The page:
Most clients tend to overemphasize the role of antibiotics in therapy.
Cattle producers don’t want to see animals get sick, and when they do fall ill, producers want to see them get better ASAP. That means there is a lot of emphasis on determining which antibiotic is the best option for treatment. However, as veterinarians we understand there is quite a bit of nuance as to why animals recover and when they recover. Our clients often don't understand this nuance.
This creates a lot of pressure on discovering that “silver bullet” antibiotic, so much that producers can quickly condemn a drug that doesn’t immediately meet their treatment expectations. Unchecked, this can lead to unnecessary re-treatments that may not meet judicious use guidelines.
To combat this misconception, we need to help our clients understand what they should expect from using an antibiotic in treatment of cattle disease. With this knowledge, they will know what realistic antibiotic performance is, which should encourage them to continue to use them appropriately.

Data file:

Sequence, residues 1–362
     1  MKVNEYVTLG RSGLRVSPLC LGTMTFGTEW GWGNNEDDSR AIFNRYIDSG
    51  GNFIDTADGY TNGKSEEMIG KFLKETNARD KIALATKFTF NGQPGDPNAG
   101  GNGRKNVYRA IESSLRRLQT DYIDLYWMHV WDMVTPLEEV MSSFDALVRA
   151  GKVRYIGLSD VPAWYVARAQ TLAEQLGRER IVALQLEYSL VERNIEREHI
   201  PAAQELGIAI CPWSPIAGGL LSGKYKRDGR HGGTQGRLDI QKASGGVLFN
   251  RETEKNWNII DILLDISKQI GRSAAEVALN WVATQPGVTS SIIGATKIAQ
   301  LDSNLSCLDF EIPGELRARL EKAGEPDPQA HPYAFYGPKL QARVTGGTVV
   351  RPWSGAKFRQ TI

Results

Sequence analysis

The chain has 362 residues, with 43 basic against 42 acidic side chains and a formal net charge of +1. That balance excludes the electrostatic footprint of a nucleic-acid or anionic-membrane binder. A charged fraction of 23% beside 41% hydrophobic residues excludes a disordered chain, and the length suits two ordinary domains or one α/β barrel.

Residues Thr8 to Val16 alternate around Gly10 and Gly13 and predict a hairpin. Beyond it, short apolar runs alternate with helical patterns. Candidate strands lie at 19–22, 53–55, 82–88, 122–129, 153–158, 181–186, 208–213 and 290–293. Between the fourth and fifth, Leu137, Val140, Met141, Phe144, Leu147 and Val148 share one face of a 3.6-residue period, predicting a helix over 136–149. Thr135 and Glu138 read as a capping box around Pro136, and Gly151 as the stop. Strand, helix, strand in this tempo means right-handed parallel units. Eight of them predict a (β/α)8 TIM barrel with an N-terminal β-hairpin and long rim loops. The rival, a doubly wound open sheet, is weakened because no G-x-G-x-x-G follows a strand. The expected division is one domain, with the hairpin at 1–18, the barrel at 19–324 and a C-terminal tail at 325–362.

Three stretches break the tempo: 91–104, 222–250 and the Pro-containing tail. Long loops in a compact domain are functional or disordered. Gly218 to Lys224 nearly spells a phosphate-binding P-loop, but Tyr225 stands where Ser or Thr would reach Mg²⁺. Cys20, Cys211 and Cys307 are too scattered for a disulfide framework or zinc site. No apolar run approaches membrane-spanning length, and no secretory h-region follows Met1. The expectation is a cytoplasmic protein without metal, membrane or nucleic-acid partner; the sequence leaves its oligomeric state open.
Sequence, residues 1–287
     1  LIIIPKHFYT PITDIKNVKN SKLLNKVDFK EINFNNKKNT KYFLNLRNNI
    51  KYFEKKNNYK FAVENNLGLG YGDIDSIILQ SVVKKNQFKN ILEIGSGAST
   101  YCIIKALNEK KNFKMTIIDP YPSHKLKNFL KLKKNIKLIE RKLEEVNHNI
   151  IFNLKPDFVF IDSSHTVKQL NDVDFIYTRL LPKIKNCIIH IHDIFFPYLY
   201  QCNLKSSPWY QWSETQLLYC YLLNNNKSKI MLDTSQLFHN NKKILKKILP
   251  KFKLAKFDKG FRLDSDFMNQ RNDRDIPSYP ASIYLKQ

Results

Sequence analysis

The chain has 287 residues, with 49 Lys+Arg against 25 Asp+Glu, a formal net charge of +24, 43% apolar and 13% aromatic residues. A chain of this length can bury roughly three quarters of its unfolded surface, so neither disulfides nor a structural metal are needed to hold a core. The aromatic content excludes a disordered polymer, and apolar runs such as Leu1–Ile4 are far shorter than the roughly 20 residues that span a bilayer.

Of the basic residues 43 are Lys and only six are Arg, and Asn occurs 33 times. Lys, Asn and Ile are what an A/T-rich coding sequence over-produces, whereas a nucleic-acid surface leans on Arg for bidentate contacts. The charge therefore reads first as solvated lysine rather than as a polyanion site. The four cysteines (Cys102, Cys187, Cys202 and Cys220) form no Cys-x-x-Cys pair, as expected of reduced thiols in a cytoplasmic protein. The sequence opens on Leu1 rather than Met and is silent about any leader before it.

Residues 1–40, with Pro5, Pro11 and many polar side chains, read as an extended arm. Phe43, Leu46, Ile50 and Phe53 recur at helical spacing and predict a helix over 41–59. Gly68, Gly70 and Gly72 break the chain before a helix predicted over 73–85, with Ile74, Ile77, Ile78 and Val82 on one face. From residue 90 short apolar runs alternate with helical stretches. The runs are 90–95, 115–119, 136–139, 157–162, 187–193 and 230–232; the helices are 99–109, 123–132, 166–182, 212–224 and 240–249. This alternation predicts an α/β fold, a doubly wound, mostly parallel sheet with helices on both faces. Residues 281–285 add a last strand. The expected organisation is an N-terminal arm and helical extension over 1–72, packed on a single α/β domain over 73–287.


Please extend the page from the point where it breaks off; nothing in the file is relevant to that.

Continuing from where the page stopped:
Have the conversation
The ideal time to talk about all this to producers is not when you’re in a hurry between calls. Rather, pick a time and place that allows you to fully explain the situation and concepts. Producer meetings are superb location. I think it’s best to break it down into three parts.
- Give the drug time to work.
- No, we can’t make it work faster.
- Not every treatment is efficacious.
1) Give the drug time to work. Most producers have a misconception of what antibiotics actually accomplish. They feel the antibiotic is the only aspect in curing the disease and understate the necessity of the animal’s immune system to work with the drug. In my conversations, using military metaphors have had the best success in illustrating the effects of antibiotics.
I start by explaining when antibiotic molecules happen to encounter the bacteria, they interact with the bacteria to stop it from completing normal cell functions—decreasing the amount of active, replicating bacteria the animal’s immune system needs to destroy. Comparing an antibiotic to a bombing campaign, with the animal’s immune system being the foot soldiers that clean up the disease, helps drive this point home.